Both basketball teams took similar steps as they marched into postseason. They posted 17-1 records to win the Great Northwest Athletic Conference regular-season titles, and advanced to the Elite Eight after wins last week in front of sold-out crowds at Carver Gym.
Both teams set season school records for wins, and their combined 58-5 record (92.5 percent) is on pace to break the mark for combined winning percentage that has stood for 41 years (90.0 in 1971-72).
Winning has brought the Vikings championships and records, but a pair of February defeats may have been the turning points to their seasons.
For the men, who returned three starters from a national championship team, everything came easy.
Western even looked good during a pair of exhibition defeats against Division I teams at the start of the season. The Vikings lost 88-78 at Washington and 105-87 against Duke at historic Cameron Indoor Stadium.
“Those games told us that we could play with anybody,” said senior guard John Allen, who averages a team-leading 17.3 points. “We should have beaten UW.”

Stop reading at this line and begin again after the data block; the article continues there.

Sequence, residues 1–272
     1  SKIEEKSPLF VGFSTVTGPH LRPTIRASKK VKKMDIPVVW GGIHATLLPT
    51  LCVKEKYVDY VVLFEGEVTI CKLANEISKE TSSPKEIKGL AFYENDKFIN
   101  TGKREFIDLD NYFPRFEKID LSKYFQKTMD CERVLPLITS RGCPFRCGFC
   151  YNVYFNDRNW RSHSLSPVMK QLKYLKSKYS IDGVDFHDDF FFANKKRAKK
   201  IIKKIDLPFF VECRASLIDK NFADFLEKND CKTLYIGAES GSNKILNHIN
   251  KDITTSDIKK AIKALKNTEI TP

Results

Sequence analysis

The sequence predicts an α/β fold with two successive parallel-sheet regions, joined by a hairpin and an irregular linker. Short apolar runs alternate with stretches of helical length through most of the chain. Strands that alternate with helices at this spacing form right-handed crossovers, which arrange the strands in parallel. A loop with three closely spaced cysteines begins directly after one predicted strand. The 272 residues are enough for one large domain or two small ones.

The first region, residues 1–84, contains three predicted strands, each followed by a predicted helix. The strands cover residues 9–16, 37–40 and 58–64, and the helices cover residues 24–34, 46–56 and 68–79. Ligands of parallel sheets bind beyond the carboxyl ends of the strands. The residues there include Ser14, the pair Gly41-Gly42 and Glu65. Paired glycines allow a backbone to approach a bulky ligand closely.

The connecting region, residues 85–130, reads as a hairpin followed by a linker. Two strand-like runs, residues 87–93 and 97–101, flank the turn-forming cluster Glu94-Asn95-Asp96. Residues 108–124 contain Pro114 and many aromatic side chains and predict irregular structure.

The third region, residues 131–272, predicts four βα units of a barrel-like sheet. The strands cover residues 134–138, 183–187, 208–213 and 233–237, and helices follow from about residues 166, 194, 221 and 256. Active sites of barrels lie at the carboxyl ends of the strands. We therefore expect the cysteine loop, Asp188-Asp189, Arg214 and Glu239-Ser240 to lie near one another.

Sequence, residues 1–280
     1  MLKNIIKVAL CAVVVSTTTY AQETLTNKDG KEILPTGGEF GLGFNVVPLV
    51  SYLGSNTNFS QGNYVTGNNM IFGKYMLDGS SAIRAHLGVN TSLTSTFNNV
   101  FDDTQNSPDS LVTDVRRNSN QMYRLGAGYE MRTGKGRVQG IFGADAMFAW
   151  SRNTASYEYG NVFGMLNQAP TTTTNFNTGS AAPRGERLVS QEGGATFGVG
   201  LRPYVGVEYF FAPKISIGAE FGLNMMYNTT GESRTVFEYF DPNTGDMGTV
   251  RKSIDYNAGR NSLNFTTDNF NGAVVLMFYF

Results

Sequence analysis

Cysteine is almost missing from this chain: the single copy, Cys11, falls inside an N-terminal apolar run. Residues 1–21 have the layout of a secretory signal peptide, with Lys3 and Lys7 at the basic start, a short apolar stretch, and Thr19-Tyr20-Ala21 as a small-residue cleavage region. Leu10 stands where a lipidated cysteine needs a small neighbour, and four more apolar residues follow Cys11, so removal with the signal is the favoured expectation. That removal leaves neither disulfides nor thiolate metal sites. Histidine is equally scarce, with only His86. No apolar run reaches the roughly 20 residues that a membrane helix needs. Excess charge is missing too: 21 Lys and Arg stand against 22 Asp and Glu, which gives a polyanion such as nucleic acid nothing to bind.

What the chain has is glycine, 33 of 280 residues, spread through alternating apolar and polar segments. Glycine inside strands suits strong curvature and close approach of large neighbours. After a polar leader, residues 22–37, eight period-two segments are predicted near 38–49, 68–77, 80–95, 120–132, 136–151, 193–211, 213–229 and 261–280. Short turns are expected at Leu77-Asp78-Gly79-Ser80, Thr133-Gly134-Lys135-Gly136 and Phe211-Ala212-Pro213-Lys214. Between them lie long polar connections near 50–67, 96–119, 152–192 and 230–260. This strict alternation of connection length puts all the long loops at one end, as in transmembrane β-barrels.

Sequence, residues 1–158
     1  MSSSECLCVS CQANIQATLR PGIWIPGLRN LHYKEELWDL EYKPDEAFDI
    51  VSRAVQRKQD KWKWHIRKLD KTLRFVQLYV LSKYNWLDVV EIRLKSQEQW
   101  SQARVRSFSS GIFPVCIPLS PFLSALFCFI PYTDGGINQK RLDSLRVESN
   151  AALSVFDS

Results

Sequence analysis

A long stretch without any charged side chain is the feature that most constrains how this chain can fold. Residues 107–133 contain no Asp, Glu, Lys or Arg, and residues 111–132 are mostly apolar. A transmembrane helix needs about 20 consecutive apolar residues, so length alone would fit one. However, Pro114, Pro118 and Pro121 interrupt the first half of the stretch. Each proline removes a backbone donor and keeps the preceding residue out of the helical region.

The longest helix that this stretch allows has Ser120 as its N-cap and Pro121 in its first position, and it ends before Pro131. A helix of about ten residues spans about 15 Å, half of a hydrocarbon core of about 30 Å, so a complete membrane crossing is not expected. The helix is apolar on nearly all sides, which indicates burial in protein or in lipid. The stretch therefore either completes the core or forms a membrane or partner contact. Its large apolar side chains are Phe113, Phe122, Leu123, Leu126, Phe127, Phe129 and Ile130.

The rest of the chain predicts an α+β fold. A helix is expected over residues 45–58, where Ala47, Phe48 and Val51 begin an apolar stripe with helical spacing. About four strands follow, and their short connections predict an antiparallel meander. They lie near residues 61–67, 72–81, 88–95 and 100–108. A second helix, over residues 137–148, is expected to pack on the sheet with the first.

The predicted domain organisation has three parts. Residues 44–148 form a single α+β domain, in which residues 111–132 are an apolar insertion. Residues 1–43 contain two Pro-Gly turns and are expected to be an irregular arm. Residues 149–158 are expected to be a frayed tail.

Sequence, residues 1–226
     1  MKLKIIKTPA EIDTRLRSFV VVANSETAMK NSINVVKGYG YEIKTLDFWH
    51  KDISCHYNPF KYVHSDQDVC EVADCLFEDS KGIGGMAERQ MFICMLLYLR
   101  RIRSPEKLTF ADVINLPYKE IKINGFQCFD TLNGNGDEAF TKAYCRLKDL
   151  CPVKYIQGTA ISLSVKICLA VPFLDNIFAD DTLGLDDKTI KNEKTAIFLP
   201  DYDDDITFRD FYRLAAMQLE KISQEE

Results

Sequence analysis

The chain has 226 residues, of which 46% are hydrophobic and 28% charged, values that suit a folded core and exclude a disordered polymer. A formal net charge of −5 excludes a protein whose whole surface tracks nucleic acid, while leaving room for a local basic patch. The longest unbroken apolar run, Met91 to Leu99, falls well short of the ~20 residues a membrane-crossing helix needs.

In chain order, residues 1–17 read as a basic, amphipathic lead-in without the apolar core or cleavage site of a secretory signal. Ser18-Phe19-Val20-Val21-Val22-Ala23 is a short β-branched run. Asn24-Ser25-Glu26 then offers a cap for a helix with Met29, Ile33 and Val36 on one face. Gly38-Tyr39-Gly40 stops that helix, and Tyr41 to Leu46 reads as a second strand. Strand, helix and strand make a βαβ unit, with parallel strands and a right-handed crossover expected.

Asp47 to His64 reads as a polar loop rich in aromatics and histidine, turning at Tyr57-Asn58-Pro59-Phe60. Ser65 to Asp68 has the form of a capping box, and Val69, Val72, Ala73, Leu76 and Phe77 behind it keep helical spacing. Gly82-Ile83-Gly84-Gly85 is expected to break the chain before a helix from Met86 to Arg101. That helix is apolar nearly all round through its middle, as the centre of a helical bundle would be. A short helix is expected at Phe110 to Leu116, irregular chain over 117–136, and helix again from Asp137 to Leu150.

When the games counted, Western began the season with 24 straight wins — 30 consecutive over two seasons. Both streaks broke 41-year-old school records.
With Allen, GNAC Player of the Year and third-team All-American, and senior forward Paul Jones leading the way, the Vikings dreamed of a perfect season until they lost 77-73 at Alaska Fairbanks.
“It was cold,” Dominguez said. “It was dark. We just weren’t on our game. I wondered how guys would respond to that. … After the game their fans treated it like they won the national championship.
“Seeing that reaction, I think, reignited our guys. We won the next game, which told me how mentally tough they are.”